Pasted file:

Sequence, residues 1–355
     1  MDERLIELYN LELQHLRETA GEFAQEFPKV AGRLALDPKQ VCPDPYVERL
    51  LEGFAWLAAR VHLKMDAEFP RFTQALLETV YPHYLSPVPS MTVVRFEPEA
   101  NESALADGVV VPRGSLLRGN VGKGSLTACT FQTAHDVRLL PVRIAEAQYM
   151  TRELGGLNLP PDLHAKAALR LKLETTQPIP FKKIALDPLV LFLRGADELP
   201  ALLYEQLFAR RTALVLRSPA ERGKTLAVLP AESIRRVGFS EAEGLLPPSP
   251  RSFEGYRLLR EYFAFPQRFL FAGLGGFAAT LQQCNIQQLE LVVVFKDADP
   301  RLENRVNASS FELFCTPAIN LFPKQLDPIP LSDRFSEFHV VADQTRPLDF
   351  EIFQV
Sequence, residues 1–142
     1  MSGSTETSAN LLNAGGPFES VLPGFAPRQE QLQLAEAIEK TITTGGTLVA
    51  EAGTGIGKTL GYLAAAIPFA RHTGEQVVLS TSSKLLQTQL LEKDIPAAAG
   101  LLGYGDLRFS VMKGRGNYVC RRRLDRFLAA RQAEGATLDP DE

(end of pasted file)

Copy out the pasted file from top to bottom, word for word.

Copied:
Sequence, residues 1–355
     1  MDERLIELYN LELQHLRETA GEFAQEFPKV AGRLALDPKQ VCPDPYVERL
    51  LEGFAWLAAR VHLKMDAEFP RFTQALLETV YPHYLSPVPS MTVVRFEPEA
   101  NESALADGVV VPRGSLLRGN VGKGSLTACT FQTAHDVRLL PVRIAEAQYM
   151  TRELGGLNLP PDLHAKAALR LKLETTQPIP FKKIALDPLV LFLRGADELP
   201  ALLYEQLFAR RTALVLRSPA ERGKTLAVLP AESIRRVGFS EAEGLLPPSP
   251  RSFEGYRLLR EYFAFPQRFL FAGLGGFAAT LQQCNIQQLE LVVVFKDADP
   301  RLENRVNASS FELFCTPAIN LFPKQLDPIP LSDRFSEFHV VADQTRPLDF
   351  EIFQV
Sequence, residues 1–142
     1  MSGSTETSAN LLNAGGPFES VLPGFAPRQE QLQLAEAIEK TITTGGTLVA
    51  EAGTGIGKTL GYLAAAIPFA RHTGEQVVLS TSSKLLQTQL LEKDIPAAAG
   101  LLGYGDLRFS VMKGRGNYVC RRRLDRFLAA RQAEGATLDP DE